The people in El Kurru belong to the Shaigiya tribe. They trace their ancestry back to an ancestor (Shaig) who lived several centuries ago. They are mentioned in European travelers accounts of the 19th century, when they sometimes raided caravans. In times before Shaig, people in this area were likely speakers of Nubian languages, but they speak Arabic now and in fact hold many of the high positions within the Sudanese government.
To the casual observer, there is not much to distinguish Shaigiya from their tribal neighbors like the Manasir. But they take pride in their distinctiveness in dialect, in musical rhythms, and apparently even in haircuts, as I found out when I visited Ali Jaffar, the village barber in El Kurru.
My Arabic works well for some things here, particularly the kinds of things that a dig director needs to do, like coordinating work on the site or shopping for food and supplies for the team. But I am handicapped by having learned in Syria, where vocabulary and pronunciation can be completely different, and it’s never clear to me in advance when I’m going to have a problem.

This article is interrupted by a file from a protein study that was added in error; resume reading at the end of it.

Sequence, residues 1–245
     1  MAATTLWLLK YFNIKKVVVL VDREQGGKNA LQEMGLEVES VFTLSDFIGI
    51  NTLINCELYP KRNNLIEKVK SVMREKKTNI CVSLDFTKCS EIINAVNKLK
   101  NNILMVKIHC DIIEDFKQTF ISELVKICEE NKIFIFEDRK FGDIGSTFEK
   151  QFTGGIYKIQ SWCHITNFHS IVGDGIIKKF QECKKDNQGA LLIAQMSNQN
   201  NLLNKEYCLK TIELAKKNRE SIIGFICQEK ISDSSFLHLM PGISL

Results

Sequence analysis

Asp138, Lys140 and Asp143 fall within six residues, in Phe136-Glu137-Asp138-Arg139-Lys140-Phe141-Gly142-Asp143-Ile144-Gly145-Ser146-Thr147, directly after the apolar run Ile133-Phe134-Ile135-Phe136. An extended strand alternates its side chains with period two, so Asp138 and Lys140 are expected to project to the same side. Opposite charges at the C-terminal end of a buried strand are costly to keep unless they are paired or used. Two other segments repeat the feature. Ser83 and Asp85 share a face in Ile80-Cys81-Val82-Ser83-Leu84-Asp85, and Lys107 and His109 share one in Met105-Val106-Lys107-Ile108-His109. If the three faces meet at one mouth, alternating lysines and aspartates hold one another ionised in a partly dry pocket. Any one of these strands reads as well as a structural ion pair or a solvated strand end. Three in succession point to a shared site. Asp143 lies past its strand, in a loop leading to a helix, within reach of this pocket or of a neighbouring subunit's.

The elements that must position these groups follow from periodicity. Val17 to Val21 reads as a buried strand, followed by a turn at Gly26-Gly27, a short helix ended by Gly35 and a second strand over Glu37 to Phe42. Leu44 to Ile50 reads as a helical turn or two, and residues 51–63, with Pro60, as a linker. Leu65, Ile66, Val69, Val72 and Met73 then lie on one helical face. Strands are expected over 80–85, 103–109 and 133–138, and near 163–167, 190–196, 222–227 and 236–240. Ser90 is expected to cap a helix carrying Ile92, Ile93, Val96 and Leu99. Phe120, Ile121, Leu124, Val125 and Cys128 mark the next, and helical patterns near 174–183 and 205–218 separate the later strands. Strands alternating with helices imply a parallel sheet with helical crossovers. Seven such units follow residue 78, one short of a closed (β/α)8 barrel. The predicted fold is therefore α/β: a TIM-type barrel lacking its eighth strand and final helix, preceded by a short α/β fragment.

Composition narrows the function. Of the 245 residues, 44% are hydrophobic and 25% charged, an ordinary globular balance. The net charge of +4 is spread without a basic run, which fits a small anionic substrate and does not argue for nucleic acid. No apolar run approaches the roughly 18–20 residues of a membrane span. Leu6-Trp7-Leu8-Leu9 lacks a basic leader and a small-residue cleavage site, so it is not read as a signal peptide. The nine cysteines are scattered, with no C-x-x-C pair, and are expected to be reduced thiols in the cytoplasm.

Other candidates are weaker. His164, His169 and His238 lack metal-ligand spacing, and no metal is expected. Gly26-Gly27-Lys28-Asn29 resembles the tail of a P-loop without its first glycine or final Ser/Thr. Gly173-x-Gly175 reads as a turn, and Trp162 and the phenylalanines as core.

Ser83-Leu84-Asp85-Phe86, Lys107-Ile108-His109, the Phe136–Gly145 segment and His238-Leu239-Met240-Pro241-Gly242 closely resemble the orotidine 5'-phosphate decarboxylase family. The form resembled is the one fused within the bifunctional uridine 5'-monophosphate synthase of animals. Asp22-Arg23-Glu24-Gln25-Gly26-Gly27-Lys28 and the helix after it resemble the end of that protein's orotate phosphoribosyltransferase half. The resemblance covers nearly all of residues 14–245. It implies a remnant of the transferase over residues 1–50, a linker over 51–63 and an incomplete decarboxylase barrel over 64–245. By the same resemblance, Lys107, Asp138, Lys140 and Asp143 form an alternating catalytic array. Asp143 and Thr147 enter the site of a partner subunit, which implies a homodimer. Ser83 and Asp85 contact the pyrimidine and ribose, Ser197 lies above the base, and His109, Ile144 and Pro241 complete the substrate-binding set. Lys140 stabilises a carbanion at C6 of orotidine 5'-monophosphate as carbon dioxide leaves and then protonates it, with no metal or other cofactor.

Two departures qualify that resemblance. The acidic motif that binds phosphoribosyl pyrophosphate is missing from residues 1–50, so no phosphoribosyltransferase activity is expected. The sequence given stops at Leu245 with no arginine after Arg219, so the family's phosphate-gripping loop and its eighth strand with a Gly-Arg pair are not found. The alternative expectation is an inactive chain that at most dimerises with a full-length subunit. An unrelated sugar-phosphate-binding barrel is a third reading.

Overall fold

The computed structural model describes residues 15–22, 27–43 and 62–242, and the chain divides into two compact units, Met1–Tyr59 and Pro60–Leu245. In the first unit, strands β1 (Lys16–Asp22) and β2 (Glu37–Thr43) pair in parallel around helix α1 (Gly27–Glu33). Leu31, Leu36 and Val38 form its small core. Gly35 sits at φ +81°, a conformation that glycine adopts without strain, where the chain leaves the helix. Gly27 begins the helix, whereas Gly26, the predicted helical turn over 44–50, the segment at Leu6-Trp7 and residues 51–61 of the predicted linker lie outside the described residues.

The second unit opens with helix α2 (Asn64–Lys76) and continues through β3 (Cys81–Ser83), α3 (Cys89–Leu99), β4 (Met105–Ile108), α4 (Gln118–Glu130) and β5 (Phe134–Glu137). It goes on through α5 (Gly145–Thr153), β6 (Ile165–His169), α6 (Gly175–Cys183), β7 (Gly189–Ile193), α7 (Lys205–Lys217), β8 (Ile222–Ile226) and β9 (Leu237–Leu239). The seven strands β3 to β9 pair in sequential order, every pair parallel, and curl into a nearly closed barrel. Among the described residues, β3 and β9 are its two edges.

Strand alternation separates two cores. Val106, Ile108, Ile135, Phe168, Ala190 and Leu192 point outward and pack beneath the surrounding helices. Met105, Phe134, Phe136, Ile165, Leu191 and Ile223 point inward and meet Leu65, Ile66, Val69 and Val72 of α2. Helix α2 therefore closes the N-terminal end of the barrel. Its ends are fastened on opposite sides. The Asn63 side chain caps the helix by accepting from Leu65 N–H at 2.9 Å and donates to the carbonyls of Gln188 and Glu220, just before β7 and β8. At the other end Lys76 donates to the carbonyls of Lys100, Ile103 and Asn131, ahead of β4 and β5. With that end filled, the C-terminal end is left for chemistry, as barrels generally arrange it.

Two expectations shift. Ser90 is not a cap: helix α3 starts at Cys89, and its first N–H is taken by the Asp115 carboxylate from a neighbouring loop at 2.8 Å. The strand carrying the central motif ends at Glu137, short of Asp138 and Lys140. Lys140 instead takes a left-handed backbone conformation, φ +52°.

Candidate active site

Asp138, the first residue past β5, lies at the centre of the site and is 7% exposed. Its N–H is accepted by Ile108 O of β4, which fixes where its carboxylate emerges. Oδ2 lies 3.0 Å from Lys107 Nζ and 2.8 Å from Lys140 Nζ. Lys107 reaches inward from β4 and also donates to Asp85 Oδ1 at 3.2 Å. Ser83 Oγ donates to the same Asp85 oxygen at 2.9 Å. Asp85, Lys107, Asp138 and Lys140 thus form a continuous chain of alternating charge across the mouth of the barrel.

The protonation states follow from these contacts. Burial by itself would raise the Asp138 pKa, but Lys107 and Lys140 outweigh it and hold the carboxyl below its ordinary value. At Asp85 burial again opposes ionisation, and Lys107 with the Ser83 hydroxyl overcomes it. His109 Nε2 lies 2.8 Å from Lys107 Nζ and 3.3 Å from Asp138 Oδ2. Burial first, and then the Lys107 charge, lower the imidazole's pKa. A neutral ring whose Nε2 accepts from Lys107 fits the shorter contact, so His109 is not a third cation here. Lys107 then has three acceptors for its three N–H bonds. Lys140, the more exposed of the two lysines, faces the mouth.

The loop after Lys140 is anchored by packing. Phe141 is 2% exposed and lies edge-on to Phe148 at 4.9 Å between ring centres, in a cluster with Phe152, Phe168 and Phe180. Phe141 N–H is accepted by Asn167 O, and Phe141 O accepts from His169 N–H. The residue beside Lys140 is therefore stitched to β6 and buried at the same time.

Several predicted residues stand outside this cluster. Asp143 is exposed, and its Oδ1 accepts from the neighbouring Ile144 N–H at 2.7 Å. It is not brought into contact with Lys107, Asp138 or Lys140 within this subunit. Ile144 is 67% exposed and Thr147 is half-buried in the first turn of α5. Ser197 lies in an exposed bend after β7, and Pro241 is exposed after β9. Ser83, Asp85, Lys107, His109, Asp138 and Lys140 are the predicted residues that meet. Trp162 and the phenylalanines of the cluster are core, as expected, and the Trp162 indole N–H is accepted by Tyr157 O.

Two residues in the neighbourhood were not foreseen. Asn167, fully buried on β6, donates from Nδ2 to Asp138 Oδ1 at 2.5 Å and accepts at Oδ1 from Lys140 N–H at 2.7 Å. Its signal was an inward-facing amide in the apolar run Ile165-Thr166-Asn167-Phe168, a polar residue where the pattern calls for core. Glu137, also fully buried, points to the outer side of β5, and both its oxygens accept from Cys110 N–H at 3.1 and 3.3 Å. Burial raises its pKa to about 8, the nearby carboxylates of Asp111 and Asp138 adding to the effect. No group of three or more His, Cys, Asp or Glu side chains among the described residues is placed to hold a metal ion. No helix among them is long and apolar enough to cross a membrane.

I thought I had been clear with Ali the barber that I just wanted a bit of hair removed, but the first crunch of his scissors through my hair showed that we had had a failure to communicate, and by then it was too late—I was getting a Shaigiya haircut. It turns out to work well here, so I’m not complaining.